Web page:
Sunday, February 14, 2016

You're Glad He's Dead?

I find it fascinating that Ruth Bader Ginsberg and Scalia were the best of pals, yet I'm hearing plenty of random yahoos gloating over his death.

The real venom of this partisan divide is fueled by loudmouths who lack real personal ties to folks with differing views and styles. It's easy to desensitize from afar. That helps make people seem something other than real, breathing people.

That's why it's easy to recognize that Trump doesn't have personal connections with Mexican immigrants, for example. If he did, they'd be real, breathing people for him.

Judging by the reaction of many progressives to this news, there's some Trumpishness in many of us.

2 comments:

David Epley said...

To be fair, it is not just "loudmouths who lack real personal ties to folks with differing views and styles". The majority of the posts that I see celebrating his death, are from gay and lesbian friends. People that Scalia worked hard to sideline in our society. They are not just politically opposed. They have lived with feeling actually attacked by the man for a very long time. That generates an incredible amount of hate, which in turn, leads to a huge sense of relief at his passing.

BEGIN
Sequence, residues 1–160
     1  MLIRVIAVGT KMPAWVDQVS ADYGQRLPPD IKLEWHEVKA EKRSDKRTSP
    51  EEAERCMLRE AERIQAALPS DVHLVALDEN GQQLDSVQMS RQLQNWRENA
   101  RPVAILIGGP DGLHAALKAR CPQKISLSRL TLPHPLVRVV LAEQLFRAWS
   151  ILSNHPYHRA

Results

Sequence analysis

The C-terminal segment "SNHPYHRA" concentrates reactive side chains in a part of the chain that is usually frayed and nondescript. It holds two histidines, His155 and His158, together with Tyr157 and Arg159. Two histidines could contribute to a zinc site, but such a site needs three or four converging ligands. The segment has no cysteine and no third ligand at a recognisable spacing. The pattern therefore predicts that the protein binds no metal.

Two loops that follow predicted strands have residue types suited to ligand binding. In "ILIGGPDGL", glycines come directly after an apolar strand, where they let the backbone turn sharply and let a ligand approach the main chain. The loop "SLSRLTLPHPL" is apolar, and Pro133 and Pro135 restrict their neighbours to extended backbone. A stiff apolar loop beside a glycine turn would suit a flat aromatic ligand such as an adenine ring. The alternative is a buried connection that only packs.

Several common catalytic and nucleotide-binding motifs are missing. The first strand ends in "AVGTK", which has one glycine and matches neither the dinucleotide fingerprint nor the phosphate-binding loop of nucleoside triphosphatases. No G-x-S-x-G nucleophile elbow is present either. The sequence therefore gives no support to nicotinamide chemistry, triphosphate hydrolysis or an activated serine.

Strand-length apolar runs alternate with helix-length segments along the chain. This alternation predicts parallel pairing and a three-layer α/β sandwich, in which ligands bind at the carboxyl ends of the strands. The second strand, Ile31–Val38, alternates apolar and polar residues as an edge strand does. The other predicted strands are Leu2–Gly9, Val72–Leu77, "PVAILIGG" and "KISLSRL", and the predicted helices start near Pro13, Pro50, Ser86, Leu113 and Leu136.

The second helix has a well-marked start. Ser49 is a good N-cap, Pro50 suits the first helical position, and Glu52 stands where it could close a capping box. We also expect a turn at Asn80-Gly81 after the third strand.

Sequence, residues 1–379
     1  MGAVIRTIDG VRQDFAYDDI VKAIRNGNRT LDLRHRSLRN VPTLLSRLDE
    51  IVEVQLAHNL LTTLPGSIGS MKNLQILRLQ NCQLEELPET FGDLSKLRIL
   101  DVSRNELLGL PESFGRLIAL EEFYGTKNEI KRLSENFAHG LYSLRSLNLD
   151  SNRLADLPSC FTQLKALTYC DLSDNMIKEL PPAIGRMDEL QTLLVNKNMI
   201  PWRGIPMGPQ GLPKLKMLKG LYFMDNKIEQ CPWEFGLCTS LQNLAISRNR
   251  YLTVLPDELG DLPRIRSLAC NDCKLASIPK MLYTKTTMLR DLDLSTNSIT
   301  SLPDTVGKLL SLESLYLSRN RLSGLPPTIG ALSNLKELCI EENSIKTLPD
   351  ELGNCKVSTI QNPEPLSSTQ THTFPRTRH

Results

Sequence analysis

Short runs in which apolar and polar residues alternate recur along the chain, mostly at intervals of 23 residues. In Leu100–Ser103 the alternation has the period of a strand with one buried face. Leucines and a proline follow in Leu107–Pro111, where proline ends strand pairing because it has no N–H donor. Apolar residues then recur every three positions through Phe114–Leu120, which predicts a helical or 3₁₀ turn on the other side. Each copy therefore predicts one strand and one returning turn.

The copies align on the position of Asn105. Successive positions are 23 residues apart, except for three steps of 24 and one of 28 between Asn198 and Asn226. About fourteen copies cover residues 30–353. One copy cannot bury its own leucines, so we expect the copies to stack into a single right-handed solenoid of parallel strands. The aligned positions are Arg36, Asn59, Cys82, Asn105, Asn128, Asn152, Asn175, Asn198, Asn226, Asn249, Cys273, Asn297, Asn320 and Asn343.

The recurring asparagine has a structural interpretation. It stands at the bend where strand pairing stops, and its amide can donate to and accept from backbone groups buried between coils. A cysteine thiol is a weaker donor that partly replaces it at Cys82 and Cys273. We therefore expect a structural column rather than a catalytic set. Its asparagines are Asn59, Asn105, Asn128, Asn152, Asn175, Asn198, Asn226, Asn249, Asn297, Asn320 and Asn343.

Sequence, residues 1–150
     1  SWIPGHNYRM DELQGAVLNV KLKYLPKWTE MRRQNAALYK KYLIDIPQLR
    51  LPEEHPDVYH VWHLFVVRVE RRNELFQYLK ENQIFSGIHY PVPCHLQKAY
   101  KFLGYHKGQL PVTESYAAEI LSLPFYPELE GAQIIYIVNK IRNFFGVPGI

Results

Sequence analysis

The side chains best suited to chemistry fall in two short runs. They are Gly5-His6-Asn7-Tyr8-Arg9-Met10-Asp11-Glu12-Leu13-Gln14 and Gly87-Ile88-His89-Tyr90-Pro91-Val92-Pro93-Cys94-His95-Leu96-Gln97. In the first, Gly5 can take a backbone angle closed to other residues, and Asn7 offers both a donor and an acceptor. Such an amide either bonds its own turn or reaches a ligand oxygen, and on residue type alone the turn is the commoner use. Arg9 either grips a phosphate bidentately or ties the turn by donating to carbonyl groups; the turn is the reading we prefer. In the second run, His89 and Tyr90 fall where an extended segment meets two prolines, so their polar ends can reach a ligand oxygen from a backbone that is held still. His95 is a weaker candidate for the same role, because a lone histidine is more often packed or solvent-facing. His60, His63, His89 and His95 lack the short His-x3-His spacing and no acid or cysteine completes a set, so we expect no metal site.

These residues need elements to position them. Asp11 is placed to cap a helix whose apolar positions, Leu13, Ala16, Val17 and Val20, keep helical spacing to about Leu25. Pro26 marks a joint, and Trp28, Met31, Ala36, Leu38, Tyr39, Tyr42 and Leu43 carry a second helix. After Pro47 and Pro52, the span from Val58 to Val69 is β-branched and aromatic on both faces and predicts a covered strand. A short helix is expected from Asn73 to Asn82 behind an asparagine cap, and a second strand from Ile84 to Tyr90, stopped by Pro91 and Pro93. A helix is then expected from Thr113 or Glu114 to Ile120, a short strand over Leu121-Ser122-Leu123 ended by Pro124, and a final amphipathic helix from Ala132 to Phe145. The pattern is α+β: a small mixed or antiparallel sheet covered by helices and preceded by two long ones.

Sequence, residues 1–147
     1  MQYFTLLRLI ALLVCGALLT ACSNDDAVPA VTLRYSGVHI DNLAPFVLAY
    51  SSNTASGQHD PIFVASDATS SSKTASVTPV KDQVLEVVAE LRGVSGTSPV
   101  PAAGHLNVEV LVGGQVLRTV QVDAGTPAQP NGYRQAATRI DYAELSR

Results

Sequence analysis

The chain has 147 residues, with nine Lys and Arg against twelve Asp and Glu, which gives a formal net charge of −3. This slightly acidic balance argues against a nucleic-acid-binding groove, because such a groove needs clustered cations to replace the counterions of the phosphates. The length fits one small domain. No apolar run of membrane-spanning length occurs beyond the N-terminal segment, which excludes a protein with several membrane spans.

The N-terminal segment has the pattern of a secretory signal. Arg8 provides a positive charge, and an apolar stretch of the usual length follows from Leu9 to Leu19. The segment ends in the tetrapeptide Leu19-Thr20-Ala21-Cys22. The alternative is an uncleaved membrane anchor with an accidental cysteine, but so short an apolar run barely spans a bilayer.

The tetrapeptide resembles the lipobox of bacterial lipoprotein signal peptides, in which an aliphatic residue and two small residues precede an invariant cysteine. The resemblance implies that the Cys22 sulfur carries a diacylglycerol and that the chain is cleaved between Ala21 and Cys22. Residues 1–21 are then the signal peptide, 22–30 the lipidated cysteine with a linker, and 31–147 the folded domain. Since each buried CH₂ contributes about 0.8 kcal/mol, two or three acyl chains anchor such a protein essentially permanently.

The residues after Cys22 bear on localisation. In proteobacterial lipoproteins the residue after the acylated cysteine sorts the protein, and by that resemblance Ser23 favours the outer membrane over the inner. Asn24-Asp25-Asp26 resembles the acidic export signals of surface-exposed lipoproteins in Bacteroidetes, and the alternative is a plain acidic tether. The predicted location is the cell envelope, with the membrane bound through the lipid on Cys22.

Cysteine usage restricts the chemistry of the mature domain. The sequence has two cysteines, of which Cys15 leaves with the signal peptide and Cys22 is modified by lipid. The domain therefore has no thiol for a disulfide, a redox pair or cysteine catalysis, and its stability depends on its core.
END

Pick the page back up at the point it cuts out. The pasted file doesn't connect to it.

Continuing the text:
An excellent point from a thread I have been following:

"It's petty and disturbing if you celebrate the death of a retired hall of fame quarterback because he beat your team a lot. It's not petty nor disturbing if a Jewish person danced upon hearing of Eichmann's execution.

Somewhere in between there's a line. I think that maybe some people have ample cause to be happy about Scalia's passing. he took positions on issues that would quite literally kill some people."

Jim Leff said...

Ginsberg cares as much about every group - not just LGBT - Scalia turned his cold shoulder to as anyone. But she is not dancing. Nor is Lawrence Lessig, who clerked for him.

Your facile descent to Godwin's Law shocks me. However, there's great hope: as you do see the slippery slope in what you're suggesting. I'd suggest that the best course for your ambivalence would be to favor that rationality, rather than the more visceral faculties which, for time immemorial, have driven people of every idealogical stripe to justify their impulse to dehumanize.

I like Germans, btw.

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